Finally, Brownback compounded those mistakes by doing the exact opposite of what an ardent supply-sider, or any fiscal conservative, should do next: he raised taxes.

In fact, the state's 2015 tobacco tax increase was only one-third what the governor wanted; the legislature rightly reduced it because they felt Brownback's proposal would disproportionately affect low income people and drive business out of the state. The governor also pushed for an increase in the state sales tax from 6.15 percent to 6.5 percent (the rate people end up paying is even higher when local taxes are taken into account), and he got it. Sales taxes are inherently regressive, but in Kansas they are particularly so because it's one of only a few states that tax food.

Even those regressive, poorly planned tax increases failed to solve the budget crisis.

Still, Kansans can take comfort in knowing that their state is not the worst of the worst when it comes to tax policy (cue Illinois, center stage). Media coverage of the Kansas tax experiment has become part of of an ongoing game that attempts to blame the other side for every problem under the sun, while denying any criticism of your own camp. In doing so, the nuance and complexity of tax policy is lost. Many news outlets seem far more interested in pushing narratives of Republican failures than using the state to highlight the fiscal problems practically every state is experiencing.

Plenty of other states are barreling towards fiscal insolvency through the tried and true "tax and spend like there's no tomorrow" method (quite the opposite of suffering the consequences of some "trickle-down" tax experiment). Of course, to label California's fiscal mess, for example, as solely the product of liberal policy failures would also be disingenuous; the state's past Republican governors and awful initiative system have played a role. Yet the same people who try to pin Kansas' problems on conservative fiscal policy would have you believe that places like California, in worse shape than Kansas, are doing just fine—thriving even.

Liberals have, however, made one criticism that the failure of the Kansas experiment seemed to verify: tax cuts do not necessarily pay for themselves. Fiscal conservatives, libertarians, and anyone else who might be tempted by the ideas of people like Arthur Laffer, who advised Brownback on the tax plan, and tax reform advocate Grover Norquist (who originally supported the experiment) might want to look at these ideas a bit more skeptically. Laffer and Norquist may have the right idea when it comes to lowering rates to spur economic growth, but lower taxes by themselves are not a cure-all for a state's woes. Excessive regulation, budget insolvency, corruption, older demographics, and a whole host of other issues can slow down economic growth even in the presence of a low-tax environment. If government is already small and efficient, lower taxes (and by extension lower revenue) may stop it from getting much bigger, but anyone who thinks starving bloated government of revenue will decrease spending is kidding themselves.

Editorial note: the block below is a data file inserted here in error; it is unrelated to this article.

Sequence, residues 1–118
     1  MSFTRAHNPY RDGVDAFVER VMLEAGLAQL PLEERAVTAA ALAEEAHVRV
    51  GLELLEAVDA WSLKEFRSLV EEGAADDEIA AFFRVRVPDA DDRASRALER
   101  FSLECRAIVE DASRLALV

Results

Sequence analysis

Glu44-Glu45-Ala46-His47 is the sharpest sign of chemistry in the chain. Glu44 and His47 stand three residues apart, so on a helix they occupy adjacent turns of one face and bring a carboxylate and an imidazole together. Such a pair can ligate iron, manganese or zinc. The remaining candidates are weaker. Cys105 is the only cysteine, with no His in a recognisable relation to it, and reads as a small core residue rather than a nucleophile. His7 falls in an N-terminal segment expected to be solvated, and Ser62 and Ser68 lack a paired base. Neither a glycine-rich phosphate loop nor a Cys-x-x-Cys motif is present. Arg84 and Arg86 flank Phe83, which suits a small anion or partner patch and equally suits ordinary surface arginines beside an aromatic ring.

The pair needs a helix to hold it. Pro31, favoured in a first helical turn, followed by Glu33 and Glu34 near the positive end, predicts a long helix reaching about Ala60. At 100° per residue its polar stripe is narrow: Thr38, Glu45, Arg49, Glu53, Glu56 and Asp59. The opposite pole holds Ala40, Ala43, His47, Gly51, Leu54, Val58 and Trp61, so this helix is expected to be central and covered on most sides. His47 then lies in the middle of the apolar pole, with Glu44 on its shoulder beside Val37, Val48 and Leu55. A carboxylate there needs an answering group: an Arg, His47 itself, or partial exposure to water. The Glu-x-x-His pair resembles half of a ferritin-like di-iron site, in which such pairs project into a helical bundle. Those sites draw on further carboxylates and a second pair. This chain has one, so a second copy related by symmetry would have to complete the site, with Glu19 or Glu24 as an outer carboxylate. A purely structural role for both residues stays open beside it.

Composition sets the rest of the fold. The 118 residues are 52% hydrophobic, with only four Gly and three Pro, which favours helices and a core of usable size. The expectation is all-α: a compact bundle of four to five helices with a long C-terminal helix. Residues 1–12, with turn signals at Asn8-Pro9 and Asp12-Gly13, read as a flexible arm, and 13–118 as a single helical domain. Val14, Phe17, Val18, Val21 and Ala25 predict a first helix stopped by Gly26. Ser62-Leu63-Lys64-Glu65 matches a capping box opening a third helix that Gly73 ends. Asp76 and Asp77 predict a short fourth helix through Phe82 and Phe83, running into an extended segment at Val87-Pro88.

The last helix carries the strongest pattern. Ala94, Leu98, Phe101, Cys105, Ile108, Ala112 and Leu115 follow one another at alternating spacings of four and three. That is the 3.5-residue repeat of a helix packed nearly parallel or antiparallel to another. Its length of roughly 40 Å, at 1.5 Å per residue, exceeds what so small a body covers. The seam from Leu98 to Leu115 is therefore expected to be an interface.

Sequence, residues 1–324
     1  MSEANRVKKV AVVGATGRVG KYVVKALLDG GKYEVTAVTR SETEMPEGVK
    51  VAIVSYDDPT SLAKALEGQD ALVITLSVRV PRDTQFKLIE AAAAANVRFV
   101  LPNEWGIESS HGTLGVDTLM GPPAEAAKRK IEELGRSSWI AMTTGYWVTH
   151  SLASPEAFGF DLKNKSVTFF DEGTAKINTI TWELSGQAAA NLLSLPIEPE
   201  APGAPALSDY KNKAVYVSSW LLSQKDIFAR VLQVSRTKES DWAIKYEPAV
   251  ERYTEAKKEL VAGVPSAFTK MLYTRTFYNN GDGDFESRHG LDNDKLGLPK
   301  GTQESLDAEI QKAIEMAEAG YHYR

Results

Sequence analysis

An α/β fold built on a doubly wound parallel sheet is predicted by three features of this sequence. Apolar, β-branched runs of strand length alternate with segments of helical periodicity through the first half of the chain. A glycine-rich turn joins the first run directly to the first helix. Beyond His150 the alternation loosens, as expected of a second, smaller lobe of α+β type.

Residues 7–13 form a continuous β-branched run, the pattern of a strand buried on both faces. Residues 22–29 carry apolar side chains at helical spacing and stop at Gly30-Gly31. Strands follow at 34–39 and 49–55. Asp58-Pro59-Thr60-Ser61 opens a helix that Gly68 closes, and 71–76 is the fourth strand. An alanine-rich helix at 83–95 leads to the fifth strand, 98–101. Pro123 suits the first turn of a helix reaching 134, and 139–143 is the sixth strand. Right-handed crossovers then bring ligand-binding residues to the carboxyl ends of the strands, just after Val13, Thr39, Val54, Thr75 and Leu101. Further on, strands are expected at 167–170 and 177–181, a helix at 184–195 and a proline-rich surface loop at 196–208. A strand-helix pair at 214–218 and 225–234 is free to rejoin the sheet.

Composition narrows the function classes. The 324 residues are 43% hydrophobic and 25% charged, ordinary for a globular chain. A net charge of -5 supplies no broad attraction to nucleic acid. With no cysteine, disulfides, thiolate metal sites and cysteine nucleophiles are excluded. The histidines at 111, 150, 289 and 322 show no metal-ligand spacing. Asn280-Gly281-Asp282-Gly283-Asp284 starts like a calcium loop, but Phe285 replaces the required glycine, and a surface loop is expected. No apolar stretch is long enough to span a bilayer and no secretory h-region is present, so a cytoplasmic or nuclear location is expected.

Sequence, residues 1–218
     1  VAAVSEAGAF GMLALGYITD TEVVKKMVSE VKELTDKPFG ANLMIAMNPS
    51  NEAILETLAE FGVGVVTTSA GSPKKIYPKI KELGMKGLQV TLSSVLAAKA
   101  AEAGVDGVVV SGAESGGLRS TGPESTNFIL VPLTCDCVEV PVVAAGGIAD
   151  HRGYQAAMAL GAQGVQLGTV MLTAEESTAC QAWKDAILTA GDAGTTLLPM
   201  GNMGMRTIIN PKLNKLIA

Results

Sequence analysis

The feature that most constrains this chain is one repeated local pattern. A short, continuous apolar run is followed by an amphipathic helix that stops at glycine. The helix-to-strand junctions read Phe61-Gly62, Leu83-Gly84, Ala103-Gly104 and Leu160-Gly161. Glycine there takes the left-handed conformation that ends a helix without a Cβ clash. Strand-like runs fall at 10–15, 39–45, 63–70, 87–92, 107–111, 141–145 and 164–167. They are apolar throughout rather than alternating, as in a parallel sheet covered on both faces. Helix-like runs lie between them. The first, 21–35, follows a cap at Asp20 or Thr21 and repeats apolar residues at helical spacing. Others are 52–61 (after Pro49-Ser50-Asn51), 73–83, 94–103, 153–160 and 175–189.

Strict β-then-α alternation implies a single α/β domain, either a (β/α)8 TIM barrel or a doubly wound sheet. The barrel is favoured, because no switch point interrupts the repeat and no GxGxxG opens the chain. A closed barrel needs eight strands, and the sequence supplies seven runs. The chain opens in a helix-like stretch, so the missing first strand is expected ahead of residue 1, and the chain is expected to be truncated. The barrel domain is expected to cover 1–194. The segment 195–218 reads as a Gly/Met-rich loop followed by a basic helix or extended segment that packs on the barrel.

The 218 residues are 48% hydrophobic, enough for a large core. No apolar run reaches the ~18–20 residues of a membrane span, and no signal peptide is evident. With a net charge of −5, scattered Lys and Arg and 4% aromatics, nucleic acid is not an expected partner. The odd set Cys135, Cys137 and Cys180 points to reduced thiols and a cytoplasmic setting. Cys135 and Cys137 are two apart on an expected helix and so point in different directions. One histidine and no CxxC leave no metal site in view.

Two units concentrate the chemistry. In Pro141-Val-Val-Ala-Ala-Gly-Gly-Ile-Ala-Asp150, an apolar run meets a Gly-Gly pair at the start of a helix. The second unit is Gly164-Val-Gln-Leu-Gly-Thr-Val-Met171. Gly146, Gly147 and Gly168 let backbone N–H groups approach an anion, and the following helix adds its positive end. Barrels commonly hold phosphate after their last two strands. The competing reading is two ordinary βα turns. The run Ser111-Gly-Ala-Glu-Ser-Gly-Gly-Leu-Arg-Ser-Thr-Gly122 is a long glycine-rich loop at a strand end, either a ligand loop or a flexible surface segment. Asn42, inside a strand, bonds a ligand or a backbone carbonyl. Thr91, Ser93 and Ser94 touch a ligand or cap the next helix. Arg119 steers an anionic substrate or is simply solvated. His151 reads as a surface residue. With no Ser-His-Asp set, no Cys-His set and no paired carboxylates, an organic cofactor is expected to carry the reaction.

Politicians, both at the state and federal level, have long found ways to kick the can down the road with creative accounting that temporarily patches over problems, while ratcheting up long-term debt obligations. Kansas is no exception.

With states from coast-to-coast, both red and blue, marching towards fiscal insolvency, it seems rather pointless to observe Kansas' failures and proclaim "Look! Republicans can be fiscally irresponsible too!" Indeed they can.

Rather than assigning blame, then, let's focus on fixing the problem. Paying lip service to fiscal responsibility is not enough. Cutting taxes is easy. Cutting spending is a necessary, and far more difficult, prospect.

If Kansas is a harbinger for things to come under Republican budget-makers, perhaps no one should hold their breath.